Proceedings of the 36th Annual Penn Linguistics Colloquium

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Now showing 1 - 10 of 31
  • Publication
    The Derivational Nature of External Possession
    (2013-01-28) Sun, Jisung; Sun, Jisung
  • Publication
    “Mixed Predicates” are, in fact, Atom Predicates
    (2013-01-28) Hosoi, Hironobu; Hosoi, Hironobu
    In this paper, I examine the traditional distinction among distributive predicates, mixed predi- cates, and collective predicates, focusing on mixed predicates and collective predicates. Under the traditional three-way distinction of predicates, a mixed predicate can be both a collective predicate and a distributive predicate because a plural noun in a mixed-predicate sentence is ambiguous be- tween a distributive reading and a collective reading. In this paper, adopting Winter’s (2002) analysis of set/atom predicates, I argue that mixed predicates are atomic predicates, whereas col- lective predicates are set predicates in Japanese. Support for my proposal comes from distributive and collective readings in the Japanese Floating Quantifier Construction (henceforth, JFQC). When a verb composes with a classifier to denote a set of sets in the JFQC, there is a sharp contrast between the mixed-predicate JFQC and the collective-predicate JFQC, which is problem- atic for Link 1983 and Landman 1989. When a verb composes with a classifier to denote a set of sets in the JFQC, a mixed predicate, which is an atom predicate, can have only a distributive read- ing, whereas a collective predicate, which is a set predicate, can have both a distributive reading and a collective reading. In my analysis, this difference can be reduced to the properties of an atom predicate and a set predicate, as proposed by Winter (2002).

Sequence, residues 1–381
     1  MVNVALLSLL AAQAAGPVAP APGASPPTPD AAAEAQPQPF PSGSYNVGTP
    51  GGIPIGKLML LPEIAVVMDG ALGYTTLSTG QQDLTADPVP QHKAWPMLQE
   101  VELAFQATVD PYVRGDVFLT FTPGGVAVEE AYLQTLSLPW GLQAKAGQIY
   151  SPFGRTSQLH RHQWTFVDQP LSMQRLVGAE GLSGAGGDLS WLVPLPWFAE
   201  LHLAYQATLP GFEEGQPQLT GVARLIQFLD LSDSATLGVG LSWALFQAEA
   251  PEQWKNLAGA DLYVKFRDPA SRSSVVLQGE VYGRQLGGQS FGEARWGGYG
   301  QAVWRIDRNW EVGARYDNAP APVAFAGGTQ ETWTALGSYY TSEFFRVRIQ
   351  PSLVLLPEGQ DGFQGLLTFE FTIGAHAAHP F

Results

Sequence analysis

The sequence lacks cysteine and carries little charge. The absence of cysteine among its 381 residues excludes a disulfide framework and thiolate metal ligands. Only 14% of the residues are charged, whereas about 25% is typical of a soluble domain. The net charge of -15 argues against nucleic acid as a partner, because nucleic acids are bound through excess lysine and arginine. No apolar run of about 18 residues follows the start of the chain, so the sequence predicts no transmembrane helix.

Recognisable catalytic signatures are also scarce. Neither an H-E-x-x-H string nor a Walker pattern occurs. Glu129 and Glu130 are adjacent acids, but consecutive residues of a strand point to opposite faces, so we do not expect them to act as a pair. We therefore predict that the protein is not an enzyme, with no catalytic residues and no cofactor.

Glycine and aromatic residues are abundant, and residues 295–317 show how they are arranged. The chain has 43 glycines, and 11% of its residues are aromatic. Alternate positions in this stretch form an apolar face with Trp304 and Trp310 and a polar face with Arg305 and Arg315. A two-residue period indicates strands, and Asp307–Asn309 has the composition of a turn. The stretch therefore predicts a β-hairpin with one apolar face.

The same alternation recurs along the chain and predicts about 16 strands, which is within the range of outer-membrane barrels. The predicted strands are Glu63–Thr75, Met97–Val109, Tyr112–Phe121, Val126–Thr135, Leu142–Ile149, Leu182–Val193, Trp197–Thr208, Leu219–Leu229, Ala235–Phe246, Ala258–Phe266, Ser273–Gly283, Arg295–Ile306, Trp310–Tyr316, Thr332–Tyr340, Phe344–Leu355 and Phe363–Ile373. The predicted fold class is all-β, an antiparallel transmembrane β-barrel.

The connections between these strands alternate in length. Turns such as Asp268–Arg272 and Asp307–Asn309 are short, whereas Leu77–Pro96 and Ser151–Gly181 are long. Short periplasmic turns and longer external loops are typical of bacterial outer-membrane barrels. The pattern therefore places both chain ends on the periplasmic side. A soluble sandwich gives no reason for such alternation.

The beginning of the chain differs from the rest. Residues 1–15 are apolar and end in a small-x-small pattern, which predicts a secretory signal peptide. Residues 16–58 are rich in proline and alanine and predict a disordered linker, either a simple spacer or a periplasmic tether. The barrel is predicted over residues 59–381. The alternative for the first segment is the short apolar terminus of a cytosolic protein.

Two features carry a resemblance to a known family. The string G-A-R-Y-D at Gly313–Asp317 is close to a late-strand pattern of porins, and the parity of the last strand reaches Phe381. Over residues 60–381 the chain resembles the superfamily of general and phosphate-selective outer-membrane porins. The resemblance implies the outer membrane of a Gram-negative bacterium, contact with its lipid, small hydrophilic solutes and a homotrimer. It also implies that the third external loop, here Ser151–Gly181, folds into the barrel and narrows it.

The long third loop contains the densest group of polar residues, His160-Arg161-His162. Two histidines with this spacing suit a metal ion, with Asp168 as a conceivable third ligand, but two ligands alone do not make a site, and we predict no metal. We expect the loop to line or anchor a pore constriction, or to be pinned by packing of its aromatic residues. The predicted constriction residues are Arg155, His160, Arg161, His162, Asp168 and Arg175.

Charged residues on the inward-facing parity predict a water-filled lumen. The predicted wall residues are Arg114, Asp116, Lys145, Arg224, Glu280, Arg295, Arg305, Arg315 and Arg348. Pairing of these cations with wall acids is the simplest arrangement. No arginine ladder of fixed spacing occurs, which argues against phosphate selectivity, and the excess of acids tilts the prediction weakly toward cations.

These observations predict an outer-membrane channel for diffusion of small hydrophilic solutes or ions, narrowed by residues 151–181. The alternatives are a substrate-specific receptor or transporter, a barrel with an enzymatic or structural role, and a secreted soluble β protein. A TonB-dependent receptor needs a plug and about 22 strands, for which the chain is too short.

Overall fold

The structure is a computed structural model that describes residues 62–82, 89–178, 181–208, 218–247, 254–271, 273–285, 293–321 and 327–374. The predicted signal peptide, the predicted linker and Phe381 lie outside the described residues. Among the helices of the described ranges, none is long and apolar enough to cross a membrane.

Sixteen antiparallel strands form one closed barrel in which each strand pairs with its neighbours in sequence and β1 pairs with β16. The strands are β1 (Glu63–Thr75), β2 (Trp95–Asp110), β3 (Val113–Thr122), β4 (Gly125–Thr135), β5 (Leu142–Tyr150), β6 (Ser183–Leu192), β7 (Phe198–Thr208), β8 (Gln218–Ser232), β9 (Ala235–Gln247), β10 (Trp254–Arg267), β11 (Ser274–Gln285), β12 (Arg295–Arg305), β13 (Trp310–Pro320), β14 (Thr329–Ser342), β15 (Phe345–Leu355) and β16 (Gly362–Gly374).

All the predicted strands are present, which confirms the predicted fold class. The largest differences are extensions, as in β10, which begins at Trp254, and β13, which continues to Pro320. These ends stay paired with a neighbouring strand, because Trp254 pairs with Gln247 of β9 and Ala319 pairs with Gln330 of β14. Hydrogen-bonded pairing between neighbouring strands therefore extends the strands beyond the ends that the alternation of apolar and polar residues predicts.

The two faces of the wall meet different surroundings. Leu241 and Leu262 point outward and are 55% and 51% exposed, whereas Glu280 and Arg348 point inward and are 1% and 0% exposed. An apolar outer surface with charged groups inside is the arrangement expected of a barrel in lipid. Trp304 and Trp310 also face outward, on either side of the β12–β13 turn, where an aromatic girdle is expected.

• Publication
    A Unified Approach to Korean Causal Connective -nikka
    (2013-01-28) Park, Yugyeong; Park, Yugyeong
    This paper explores the semantic-pragmatic functions of the Korean causal connective –nikka. It has been widely observed that because-clauses are ambiguous depending on the level of causation: propositional, epistemic, and speech-act level causations. (e.g. Sweetser 1990) Many researchers argue that Korean also has three level causations and the two Korean causal connectives, -nikka and –ese ‘because’, are used in different levels of causation: while the usage of –ese is restricted to a propositional level causation, -nikka can be used in epistemic or speech-act level causations, as well as propositional level causations. I argue, departing from previous analyses, that the three different levels of causation do not exist in Korean. Alternatively, I propose that a nikka-clause always targets a propositional argument. Under this point of view, it is assumed that a nikka-clause takes a mood marked phrase: [ϕ-nikka [Mood(φ)]. On the basis of this structure, I argue that the various function of the nikka-clause results from the different types of mood in the main clause.
  • Publication
    On PP Left-branch Extraction in Japanese
    (2013-01-28) Takahashi, Masahiko; Funakoshi, Kenshi; Takahashi, Masahiko; Funakoshi, Kenshi
    This paper provides an analysis of hitherto unnoticed data concerning left-branch extraction of PPs (PP LBE) in Japanese. While (leftward) LBE of nominals (NP LBE) is impossible in Japanese (see Kato 2007 and Nomura and Hirotsu 2005, among others), PP LBE is in fact allowed. The proposed analysis crucially relies on a specific definition of phases and Watanabe’s (2010) suggestion that the so-called genitive marker –no in fact has a dual status. It is also suggested that PP LBE is an instance of overt Wh-movement (cf. Takahashi 1993, 1994).